Ben Gvir and AG Tensions Spike over Tel Aviv Police Chief Affair and Petitions
The spat between Itamar Ben Gvir, the National Security Minister, and the attorney general appears to be escalating.
On Monday, he filed a petition with the High Court of Justice to give him permission to have independent counsel in petitions filed against him as well as his ministry.
This came after Gali Baharav-Miara, the Attorney General, requested the minister to provide more information before authorizing such a step.
The minister’s stance
In his High Court filing, the National Security minister complained that he did not have faith in the willingness of the attorney general in representing him in legal proceedings.
He asserted that her behavior towards him was unreasonable, unfair, illegal and disproportionate.
The attorney general had told Ben Gvir on Sunday that his request for independent legal counsel could not be approved until he shares more details about the nature of his request.
On Monday morning, the attorney general’s letter was leaked to the press and Ben Gvir immediately responded that he did not trust her, which further worsened the spat between the two.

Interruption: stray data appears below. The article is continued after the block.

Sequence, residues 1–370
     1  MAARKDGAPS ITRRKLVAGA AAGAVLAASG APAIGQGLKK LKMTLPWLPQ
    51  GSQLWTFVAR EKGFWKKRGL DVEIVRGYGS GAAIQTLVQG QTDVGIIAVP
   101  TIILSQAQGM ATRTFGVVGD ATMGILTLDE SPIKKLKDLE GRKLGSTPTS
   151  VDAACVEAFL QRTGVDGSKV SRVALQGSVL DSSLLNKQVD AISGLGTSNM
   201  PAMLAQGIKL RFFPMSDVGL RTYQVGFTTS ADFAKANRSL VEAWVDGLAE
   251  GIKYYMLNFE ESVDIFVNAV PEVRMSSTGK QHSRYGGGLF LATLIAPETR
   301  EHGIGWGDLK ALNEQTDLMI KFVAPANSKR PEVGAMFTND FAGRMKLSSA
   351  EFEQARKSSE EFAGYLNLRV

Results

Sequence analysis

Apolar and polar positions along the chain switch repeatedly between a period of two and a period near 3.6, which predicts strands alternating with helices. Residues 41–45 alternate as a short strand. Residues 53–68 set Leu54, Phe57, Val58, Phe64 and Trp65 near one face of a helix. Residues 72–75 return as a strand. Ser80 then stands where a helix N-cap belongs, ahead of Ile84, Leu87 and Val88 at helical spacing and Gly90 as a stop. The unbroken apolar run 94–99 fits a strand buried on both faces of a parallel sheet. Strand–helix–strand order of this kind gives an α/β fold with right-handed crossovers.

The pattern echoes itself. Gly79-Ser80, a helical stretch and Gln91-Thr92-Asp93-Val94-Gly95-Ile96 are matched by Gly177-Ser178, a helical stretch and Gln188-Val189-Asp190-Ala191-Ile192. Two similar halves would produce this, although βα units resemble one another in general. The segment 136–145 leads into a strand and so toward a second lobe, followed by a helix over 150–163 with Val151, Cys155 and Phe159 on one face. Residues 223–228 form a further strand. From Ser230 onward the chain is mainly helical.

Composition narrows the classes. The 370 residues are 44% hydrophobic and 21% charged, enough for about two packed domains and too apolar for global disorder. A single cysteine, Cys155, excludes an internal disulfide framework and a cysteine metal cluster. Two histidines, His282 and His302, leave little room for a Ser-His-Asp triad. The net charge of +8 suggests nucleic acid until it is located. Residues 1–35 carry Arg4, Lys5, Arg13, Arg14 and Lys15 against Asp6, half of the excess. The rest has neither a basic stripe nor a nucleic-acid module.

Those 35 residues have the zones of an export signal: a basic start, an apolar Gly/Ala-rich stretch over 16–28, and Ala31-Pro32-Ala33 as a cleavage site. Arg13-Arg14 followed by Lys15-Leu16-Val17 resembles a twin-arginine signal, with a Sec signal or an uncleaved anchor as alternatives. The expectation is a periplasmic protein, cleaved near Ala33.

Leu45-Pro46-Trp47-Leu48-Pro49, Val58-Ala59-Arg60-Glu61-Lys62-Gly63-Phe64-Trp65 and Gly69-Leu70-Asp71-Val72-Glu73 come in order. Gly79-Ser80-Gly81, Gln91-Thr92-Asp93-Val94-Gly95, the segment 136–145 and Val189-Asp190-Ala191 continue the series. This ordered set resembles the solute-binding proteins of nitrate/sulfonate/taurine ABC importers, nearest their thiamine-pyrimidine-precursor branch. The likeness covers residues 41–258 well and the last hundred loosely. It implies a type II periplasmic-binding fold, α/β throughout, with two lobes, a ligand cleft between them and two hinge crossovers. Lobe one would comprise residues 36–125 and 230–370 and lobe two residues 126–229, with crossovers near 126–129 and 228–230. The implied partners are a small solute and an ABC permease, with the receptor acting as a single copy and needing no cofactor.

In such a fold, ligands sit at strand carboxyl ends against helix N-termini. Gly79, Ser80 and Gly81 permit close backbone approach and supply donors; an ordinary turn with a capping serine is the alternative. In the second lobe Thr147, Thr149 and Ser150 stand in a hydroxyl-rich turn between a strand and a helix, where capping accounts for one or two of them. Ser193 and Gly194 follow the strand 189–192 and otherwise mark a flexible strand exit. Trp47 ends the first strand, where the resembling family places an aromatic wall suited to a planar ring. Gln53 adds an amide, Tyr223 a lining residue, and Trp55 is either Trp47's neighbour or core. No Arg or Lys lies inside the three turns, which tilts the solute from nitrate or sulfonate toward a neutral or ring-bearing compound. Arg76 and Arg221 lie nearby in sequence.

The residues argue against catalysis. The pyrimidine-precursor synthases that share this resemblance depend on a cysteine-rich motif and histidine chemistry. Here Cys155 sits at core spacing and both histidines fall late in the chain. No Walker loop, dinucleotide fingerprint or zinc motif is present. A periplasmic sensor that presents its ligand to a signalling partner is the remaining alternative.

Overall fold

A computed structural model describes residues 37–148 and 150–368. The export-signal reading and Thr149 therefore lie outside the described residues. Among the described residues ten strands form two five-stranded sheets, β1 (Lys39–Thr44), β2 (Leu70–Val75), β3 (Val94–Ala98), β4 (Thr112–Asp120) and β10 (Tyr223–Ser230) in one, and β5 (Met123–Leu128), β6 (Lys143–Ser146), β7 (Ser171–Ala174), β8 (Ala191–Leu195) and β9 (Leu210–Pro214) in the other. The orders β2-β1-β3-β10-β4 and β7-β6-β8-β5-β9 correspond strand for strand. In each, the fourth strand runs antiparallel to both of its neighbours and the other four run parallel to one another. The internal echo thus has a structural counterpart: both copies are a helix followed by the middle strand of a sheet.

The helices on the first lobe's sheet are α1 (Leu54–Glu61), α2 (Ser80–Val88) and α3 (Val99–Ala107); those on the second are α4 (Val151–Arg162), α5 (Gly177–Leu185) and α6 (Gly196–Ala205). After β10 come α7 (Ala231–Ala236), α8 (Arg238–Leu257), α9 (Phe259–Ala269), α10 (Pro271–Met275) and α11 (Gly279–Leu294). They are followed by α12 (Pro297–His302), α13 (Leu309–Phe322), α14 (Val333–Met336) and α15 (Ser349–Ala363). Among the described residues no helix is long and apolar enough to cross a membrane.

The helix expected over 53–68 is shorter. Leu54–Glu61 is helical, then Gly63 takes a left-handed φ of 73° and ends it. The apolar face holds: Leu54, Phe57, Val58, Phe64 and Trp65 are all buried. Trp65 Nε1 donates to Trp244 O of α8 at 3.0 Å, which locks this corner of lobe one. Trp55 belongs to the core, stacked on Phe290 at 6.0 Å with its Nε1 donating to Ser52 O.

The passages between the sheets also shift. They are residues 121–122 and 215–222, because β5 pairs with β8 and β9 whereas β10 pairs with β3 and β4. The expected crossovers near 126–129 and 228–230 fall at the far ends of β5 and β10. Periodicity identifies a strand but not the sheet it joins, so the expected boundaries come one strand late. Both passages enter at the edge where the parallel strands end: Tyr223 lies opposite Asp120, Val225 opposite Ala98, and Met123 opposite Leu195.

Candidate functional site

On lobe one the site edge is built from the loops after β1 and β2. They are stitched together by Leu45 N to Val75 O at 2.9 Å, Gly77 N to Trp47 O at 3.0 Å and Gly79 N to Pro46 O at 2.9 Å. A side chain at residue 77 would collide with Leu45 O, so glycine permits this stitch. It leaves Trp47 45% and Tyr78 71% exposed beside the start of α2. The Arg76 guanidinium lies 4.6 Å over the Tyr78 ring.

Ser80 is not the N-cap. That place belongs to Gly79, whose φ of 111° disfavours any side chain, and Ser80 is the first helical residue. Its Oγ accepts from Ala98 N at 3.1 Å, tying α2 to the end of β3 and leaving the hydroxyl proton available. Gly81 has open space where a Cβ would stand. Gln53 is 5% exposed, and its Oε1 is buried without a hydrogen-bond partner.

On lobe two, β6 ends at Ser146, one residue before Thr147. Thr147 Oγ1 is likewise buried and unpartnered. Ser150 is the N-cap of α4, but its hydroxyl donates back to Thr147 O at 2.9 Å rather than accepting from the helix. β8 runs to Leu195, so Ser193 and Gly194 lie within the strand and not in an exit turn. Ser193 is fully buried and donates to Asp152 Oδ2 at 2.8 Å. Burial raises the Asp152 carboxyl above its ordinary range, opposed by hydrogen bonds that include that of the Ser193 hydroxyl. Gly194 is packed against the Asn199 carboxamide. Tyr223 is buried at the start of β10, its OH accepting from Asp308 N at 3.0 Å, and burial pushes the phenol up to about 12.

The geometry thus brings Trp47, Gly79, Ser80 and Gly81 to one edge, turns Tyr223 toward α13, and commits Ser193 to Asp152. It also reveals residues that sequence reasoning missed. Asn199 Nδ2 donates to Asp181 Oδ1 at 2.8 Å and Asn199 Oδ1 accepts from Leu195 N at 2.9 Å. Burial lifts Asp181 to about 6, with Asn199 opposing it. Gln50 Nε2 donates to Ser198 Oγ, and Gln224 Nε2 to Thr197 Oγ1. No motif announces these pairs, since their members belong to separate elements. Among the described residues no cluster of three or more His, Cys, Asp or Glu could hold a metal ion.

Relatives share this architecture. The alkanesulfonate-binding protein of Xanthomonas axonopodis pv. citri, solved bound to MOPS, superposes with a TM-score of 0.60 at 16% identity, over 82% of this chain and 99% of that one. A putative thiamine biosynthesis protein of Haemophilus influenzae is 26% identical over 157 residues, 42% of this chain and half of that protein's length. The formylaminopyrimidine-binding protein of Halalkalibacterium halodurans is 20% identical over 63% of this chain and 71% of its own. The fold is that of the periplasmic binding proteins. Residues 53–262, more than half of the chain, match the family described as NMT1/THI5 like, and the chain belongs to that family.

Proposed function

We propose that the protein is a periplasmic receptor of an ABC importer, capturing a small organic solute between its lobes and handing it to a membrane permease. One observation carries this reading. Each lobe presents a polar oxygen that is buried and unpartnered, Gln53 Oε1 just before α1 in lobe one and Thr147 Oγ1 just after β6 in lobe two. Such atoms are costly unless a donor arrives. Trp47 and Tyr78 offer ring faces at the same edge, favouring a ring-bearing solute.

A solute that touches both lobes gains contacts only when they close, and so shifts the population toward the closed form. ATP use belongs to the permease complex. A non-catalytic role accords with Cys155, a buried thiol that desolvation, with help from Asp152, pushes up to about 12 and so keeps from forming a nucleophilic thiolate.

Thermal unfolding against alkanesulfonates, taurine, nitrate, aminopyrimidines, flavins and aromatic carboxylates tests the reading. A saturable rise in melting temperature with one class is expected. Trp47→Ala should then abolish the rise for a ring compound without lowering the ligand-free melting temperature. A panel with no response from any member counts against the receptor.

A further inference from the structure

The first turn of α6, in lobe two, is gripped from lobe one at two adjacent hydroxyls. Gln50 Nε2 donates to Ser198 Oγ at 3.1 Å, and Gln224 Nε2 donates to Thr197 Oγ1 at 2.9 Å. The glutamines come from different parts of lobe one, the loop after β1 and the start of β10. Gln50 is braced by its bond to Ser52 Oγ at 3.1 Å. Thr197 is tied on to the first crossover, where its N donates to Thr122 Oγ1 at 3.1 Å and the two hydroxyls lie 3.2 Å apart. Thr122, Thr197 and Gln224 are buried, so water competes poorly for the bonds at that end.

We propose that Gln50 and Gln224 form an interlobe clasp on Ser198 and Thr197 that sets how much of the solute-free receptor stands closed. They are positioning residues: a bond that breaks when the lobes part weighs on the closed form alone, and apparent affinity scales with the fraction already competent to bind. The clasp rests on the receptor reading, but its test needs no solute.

The letter from the attorney general was dated on Sunday in which she had noted that Ben Gvir had not coordinated a meeting with her office for discussing the ongoing issues.
She also noted in the letter that the attorney general is the one who has the authority for law interpretation on behalf of the government.
The attorney general also stated that only if there are ‘unusual circumstances’, independent legal counsel is granted.
Ben Gvir said that he did not have any faith in the attorney general, or her decisions and judgement. He criticized her for not consulting him before freezing his decision of removing the Tel Aviv police chief.
On Sunday, Ben Gvir had sent a missive to the attorney general in which he had demanded permission for using independent legal counsel for dealing with the petitions against him.
The government is almost always represented by the Attorney General’s Office in legal proceedings against legislation, or against it.
Ministers can obtain permission for independent counsel from the office if the attorney general is not in favor of the position of the government.
The petitions that have been filed against the National Security Minister and his ministry deal with legislation as well as the minister himself.
In December, legislation had been passed for expanding the powers granted to the national security minister over the police force and the attorney general has questioned its constitutionality.
Likewise, Ben Gvir’s decision to remove Amichai Eshed from the position of the Tel Aviv District Police Commander has also been questioned in the petition.
According to Baharav-Miara, she had requested a response to the petitions against both issues from his ministry and also asked Ben Gvir for a meeting, but had not gotten an answer.
As far as the request for independent counsel is concerned, the attorney general said Ben Gvir had not specified the cases in which he wanted private counsel and had made a very vague request.